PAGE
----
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You’re at ease having open discussions with your principal, you’ve got parent conferences and phone calls down to a science, and you (usually!) know what to say to your students. But how do you handle a difficult conversation with one of your colleagues?
The prospect of hashing out differences with other teachers can be daunting. You want to voice your concerns, but you don’t want to risk ruining relationships with the team members whose support you appreciate and who help you do your job.
Instead of stewing (or steaming), try the following techniques to help you solve problems, resolve tensions, and maintain peace in the teachers’ lounge.
Providing Critical Feedback: You observe a fellow teacher’s lesson, and you don’t like what you see.
Solution: Ease In
Your colleague wants or needs feedback, but don’t launch into a laundry list of everything that’s going wrong—unless you want her to shut down. “It’s really important to find out what their struggles are and how they perceive the situation,” says Freeda Pirillis, a first-grade teacher in Chicago. “I feel like I have to validate their perspective first. Then I’ll talk about my own struggles and try to empathize as much as I can. From there, we work around solutions. It becomes a collaborative process.”
Constant Complaining: No job is perfect. But there’s no place for griping ad nauseam.
Solution: Focus on Fixes
When Negative Nancy brings up a problem, turn the conversation toward solutions. Or, says Amy Musone, a third-grade teacher in York, Pennsylvania, avoid questions about “how” things are going when it will only elicit a negative answer. Instead, ask what's going well today. “It’s less likely to take a negative turn,” she says. If you and the complainer are socializing, says Angela Watson, an instructional coach and educational consultant in Brooklyn, New York, start off with something light to cut off the complaining before it starts. Or bring out the baby or wedding pictures!
The Meeting Hijacker: You have a lot to cover, but someone keeps taking the team off topic.
Solution: Define Norms
It’s easier to call out a fellow teacher if it’s your job. Eboney McKinney, a fifth-grade math teacher in Sierra Vista, Arizona, says that defined norms and roles keep meetings running smoothly. “We have a team leader who is supposed to keep the meeting on track,” she says. “On a rare occasion, we’ve had to call out a team member and say, ‘You’re not following those norms.’ ”
Constant Requests: You’re getting “invitations” to help out left and right. You just can’t.
Solution: Help Another Way
If you can’t muster a firm “Sorry, but no,” see if you can postpone or help out in some smaller way. “I look for ways to say, ‘I can’t be there for that spring carnival, but I’ll bake cupcakes,’” says McKinney.
The Over-Sharer: Your colleague’s social-media posts are full of job-related dirty laundry.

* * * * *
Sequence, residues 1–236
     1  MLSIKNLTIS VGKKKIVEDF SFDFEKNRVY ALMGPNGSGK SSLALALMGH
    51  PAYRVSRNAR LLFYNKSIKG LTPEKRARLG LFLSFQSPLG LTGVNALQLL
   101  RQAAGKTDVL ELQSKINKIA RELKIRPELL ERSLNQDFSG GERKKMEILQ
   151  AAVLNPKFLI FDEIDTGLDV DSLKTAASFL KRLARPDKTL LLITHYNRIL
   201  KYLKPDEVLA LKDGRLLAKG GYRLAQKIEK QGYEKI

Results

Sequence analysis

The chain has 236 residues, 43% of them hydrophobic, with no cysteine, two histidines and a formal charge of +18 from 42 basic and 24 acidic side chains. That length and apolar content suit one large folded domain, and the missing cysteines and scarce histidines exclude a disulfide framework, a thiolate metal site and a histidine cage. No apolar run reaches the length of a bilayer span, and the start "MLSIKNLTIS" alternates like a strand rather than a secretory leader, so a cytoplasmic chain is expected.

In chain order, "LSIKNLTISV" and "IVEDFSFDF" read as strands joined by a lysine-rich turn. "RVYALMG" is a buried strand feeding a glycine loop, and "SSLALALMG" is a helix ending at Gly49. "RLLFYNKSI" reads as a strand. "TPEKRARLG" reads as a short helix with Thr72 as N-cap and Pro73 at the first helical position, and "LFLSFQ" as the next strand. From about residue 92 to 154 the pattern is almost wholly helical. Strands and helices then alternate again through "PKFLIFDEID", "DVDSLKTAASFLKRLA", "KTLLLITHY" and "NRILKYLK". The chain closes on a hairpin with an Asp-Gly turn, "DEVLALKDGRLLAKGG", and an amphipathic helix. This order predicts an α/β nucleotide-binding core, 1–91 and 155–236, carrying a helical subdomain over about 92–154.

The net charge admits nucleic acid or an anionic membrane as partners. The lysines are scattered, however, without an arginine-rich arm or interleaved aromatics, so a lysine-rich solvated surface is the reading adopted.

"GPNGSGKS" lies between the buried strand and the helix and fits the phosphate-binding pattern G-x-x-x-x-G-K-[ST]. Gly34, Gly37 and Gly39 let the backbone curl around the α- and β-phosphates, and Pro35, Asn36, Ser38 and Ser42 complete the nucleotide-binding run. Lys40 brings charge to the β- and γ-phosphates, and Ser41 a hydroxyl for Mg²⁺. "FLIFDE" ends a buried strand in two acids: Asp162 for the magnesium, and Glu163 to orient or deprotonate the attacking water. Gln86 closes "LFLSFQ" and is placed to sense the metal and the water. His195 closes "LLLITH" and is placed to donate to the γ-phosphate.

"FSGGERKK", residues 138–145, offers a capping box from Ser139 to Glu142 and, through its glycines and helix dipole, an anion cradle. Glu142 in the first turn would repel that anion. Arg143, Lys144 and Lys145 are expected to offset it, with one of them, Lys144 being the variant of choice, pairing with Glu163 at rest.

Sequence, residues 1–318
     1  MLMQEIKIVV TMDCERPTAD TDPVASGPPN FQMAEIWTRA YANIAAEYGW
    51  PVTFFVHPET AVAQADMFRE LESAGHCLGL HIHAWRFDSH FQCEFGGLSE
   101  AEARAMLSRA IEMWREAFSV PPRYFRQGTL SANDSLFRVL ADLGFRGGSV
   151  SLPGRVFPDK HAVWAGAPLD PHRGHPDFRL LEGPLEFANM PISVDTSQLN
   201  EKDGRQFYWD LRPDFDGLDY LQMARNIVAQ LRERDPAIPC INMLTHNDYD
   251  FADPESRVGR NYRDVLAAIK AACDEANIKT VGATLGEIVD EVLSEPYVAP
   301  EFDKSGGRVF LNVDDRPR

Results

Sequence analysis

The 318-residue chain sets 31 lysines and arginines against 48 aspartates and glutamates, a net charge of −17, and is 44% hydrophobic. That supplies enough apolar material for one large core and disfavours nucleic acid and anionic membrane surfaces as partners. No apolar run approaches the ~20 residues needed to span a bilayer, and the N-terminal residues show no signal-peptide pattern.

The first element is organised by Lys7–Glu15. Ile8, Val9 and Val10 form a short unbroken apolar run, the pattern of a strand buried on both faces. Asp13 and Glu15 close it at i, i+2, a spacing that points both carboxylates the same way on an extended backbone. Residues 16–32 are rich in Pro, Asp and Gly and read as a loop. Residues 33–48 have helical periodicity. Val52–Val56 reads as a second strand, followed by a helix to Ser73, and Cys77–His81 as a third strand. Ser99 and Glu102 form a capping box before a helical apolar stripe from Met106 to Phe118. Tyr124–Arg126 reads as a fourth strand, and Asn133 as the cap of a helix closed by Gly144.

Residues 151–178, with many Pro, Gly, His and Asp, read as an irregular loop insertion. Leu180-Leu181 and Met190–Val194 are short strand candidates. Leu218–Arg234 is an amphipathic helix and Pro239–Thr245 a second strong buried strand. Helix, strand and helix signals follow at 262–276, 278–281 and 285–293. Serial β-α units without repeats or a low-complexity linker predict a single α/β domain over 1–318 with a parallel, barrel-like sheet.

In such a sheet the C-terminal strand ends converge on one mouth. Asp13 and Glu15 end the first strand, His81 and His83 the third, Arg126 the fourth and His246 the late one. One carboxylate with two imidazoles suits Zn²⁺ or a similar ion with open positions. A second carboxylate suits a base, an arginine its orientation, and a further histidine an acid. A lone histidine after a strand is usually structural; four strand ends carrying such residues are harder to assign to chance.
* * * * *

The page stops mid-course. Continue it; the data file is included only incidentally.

Solution: Mention Consequences
Rather than saying you’re uncomfortable with status updates about unruly students and tweets about tyrannical administrators, remind fellow teachers that their social-media mistakes can follow them. “What you put in writing can haunt you,” says Christine Canning Wilson, author of Perfect Phrases for Classroom Teachers and an educational consultant. “And it can also be used against you in a court of law.”
The Touchy Topic: The conversation turns to race, religion, or socioeconomic class.
“Ask a lot of questions, and honor your peers’ reality,” says Tamara Russell, a first-grade teacher in Groveland, Florida. “If you have a large Muslim population, don’t assume you understand what it’s like to wear the hijab.” Russell takes her own advice. “I can tell you what it’s like to be a black, Hispanic female, but I can’t tell you what it’s like to be a woman from Africa.”
The Nastygram: You find a not-so-nice note from a colleague in your e-mail inbox.
Solution: Talk Face-to-Face
“Sometimes it’s better to spend 15 minutes hashing something out rather than spending hours composing a response,” says Watson, the Brooklyn instructional coach.
“If you respond out of anger, you will probably regret it,” she explains. “It’s better to go directly to the person and say, ‘I read your e-mail. Can we talk about that?’ They can hear your tone, see your facial expression, and see that you’re not attacking them and that you really want to clear it up.”
The Pedagogical Disagreement: You’re not sure a colleague’s suggestion will be good for students.
Solution: Ask to See the Research
Beth Maloney, a fifth-grade teacher in Surprise, Arizona, was stunned when a former colleague turned literacy coach suggested that kindergartners should cut down on playtime and ramp up textbook-based learning.
But instead of arguing, Maloney asked questions. “I said, ‘Where is the research that this is best for kids?’” she recalls. “Just asking an open-ended question started a really good conversation.”
The Shoot-Down: You have lots of great new ideas—but no one wants to hear them.
Solution: Show Evidence of Success
Back up everything you suggest with standards and success stories from your own class, offers Lindsey Petlak, a fourth-grade teacher and Scholastic Top Teaching blogger.
“Being able to back yourself up with student results and research usually leaves people without many objections.” she says. But make it clear you’re not forcing your ideas onto colleagues. “Say, ‘You’re welcome to try this, and I won’t be offended if you don’t, but this is something that is important for me to try in my classroom.’”
Illustrations: Andy Ward
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